Marty Zickgraf, Baltimore Inspection Guy

Home Inspection Glossary – Part Seven

As a home inspector and former builder, there are many technical terms that I may use that are unfamiliar to the average home owner. While I always try to break things down to layman’s terms while conducting the home inspection, I thought it might be useful to have a home inspection glossary to refer buyers to. This is the seventh installment of these posts to build the glossary. I’ve tried to keep it simple and these are not intended to be exhaustive definitions.

  1. insulation: A product used to slow the transfer of heat energy. Natural substances such as wood pulp (cellulose) or man made substance such as fiberglass or foam may be used.
  2. interior finish: The wall coverings in a home. Drywall or gypsum board is the most common choice in newer homes, while older homes may have plaster and lathe. Paneling is a common choice in finished basements due to its ease of installation.
  3. J-channel. Refers to a strip of trim used to cover a cut edge in vinyl siding, or a metal strip used to terminate a drywall edge where it transitions to another material.
  4. jack post: a metal structural component used to support an area where the home has settled or sagged. A properly installed jack post is secured to the framing with lag screws and set in a concrete footer.
  5. Jalousie window: An older style of window composed of overlapping strips of glass or plastic. A hand crank allows the strips to rotate open, allowing a greater effective opening than a standard single or double-hung window.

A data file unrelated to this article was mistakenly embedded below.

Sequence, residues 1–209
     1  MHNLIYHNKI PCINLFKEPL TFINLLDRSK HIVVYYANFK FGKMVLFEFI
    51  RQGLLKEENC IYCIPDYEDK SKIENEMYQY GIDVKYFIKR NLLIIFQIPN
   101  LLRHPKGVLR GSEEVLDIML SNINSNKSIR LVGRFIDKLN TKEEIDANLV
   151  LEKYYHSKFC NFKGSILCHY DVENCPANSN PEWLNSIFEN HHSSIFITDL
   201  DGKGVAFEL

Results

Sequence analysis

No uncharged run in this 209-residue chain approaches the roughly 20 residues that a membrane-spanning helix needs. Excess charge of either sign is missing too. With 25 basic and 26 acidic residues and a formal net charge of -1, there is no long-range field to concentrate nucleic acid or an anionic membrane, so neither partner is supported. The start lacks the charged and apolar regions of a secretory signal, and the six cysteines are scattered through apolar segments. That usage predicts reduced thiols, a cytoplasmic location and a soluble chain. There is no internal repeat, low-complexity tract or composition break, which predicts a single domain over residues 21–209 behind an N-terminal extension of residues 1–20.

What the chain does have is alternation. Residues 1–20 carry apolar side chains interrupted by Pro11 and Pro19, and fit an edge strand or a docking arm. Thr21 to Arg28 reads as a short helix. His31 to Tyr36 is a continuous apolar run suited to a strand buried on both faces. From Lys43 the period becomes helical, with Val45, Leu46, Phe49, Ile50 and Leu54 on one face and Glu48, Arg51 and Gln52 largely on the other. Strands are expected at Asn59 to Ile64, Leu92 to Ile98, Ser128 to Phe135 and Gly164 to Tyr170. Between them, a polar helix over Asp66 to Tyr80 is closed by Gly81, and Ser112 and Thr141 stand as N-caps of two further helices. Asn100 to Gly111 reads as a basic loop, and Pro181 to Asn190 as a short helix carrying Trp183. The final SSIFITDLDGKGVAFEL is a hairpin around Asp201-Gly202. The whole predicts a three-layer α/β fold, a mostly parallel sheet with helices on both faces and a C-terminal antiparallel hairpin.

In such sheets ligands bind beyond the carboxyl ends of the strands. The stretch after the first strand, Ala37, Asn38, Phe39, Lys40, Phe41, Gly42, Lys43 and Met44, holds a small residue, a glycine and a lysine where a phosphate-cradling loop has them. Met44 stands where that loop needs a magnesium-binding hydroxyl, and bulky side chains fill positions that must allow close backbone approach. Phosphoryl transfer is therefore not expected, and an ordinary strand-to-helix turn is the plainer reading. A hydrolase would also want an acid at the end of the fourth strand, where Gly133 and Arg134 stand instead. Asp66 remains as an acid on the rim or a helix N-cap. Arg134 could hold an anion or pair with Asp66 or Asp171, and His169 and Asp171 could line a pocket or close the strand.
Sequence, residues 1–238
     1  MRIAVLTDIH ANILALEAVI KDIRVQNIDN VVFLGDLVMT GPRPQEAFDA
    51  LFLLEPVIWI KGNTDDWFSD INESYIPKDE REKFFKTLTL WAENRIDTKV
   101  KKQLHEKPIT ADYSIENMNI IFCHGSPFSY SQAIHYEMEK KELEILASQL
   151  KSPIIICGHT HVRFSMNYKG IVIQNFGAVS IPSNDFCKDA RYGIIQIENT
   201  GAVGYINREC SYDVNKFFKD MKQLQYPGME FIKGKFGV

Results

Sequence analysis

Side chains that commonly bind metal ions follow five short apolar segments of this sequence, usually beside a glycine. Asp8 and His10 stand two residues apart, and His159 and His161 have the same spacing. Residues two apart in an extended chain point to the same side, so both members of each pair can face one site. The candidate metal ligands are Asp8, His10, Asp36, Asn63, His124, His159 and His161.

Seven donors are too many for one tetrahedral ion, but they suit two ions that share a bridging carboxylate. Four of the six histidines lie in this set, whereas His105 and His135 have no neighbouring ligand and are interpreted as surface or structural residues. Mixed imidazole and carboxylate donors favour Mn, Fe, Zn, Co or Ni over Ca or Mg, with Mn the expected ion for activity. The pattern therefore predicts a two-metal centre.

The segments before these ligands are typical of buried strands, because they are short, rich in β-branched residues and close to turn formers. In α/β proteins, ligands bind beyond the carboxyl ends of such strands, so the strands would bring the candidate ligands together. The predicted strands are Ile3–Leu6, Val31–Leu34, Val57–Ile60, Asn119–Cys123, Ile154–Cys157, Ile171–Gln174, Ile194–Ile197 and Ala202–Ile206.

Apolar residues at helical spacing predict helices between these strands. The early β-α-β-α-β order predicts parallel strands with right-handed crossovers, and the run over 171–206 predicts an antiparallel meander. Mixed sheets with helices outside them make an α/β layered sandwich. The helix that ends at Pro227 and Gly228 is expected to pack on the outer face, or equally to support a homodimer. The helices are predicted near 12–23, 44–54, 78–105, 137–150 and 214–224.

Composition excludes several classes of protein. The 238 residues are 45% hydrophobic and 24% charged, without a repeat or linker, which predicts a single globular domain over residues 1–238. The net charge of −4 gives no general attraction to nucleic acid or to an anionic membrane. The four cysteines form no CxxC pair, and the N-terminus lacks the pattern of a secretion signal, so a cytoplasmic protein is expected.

6. Jamb: the side of a window or door frame.
  7. Joint compound: a gypsum based material used to finish gypsum wallboard. May be supplied as a paste or a powder to be mixed with water.
  8. Joist hanger: a U-shaped piece of metal designed to be nailed into a beam, band joist or other sturtural component in order to support a joist. Special nails are required and all supplied nail holes must be filled to fully support the joist.
  9. Jumpers: may refer to a short piece of pipe used to replace a water meter or short lengths of wire used to bypass or replace the electric meter. Both are illgal and jumping the electric meter is extremely dangerous.
  10. Simplest kind of light fixture, the proverbial bare bulb activated by a pull string. Commonly seen in attics and basements and crawlspaces.
  11. Kickout flashing: Meant to divert water away from a wall where it encounters a roof edge. The kickout flashing is a simple piece of bent metal flashing that helps prevent water infiltration behind the siding.